“I’m not confident, 100%, in DPS because I think it’s a cover-up,” McLaughlin told CNN. “McCraw’s covering up for maybe his agencies.”

McLaughlin said he doesn’t believe Director McCraw is being fully transparent about the investigation and argued that “every agency” who had officers staged in the hallway before the gunman was engaged “is gonna have to share the blame,” CNN reported.

“At this point, I don’t know what to believe and what not to believe,” the mayor said.

“When have you ever seen a federal or state law enforcement officer take their cues from local law enforcement?” he asked, according to FOX News. “When I got to that scene, there were 30 to 40 DPS officers already on-scene…these families in this community, they deserve to know what happened.”

McLaughlin previously blasted Director McCraw’s testimony to the Texas Senate committee, saying that DPS has told him and other local officials to keep quiet about the incident while investigations are still pending, USA Today reported.

“They can go to Austin and have public deals to talk about it…and not share a damn thing with this city or anybody in this community, and that’s wrong,” the mayor said. “That’s totally wrong.”

“I actually wonder who the hell’s in charge of this investigation ‘cause you can’t get a straight answer,” McLaughlin added. “It pisses me off that I can’t give you answers or can’t get you answers.”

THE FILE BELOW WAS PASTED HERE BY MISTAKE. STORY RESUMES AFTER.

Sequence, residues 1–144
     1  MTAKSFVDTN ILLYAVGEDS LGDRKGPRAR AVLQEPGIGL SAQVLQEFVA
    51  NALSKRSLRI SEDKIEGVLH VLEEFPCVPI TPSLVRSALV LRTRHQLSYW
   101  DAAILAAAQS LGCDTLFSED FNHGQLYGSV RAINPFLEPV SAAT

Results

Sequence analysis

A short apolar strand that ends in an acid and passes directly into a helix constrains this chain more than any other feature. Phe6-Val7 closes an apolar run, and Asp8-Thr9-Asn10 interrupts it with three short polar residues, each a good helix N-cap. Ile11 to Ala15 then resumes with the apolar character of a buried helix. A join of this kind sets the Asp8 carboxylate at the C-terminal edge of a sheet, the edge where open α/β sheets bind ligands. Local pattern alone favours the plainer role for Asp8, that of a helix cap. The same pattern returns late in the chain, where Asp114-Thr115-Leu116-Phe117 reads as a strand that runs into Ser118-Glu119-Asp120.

The mayor expressed extreme frustration over the “lies,” “misstated information,” and “leaks,” released by some state agencies since the school shooting occurred, NBC News reported.

He said that everyone who waited in the school hallway before engaging the gunman need to provide answers about what transpired during the police response.

“Not just Pete Arredondo, not just local Uvalde Police Department, but the U.S. Marshals need to answer, the Border Patrol needs to answer, the DPS needs to answer…” the frustrated mayor told NBC News.

He noted that he still trusts the rank-and-file members of the DPS who serve the Uvalde community, but that he no longer believes everything coming from the agency’s upper management, CNN reported.

The timeline of events from the day of the massacre has changed dramatically over time, and McLaughlin said he hasn’t been briefed by “anybody” since one day after the attack.

“I lost confidence because the narrative changed from DPS so many times and when we asked questions, we weren’t getting answers,” he told CNN.

The U.S. Department of Justice has launched an investigation into the law enforcement response at McLaughlin’s request.

Written by
Holly Matkin

Holly is a former probation and parole officer who is married to a sheriff’s deputy. She is a regular contributor to Signature Montana magazine, and has written feature articles for Distinctly Montana magazine.

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Written by Holly Matkin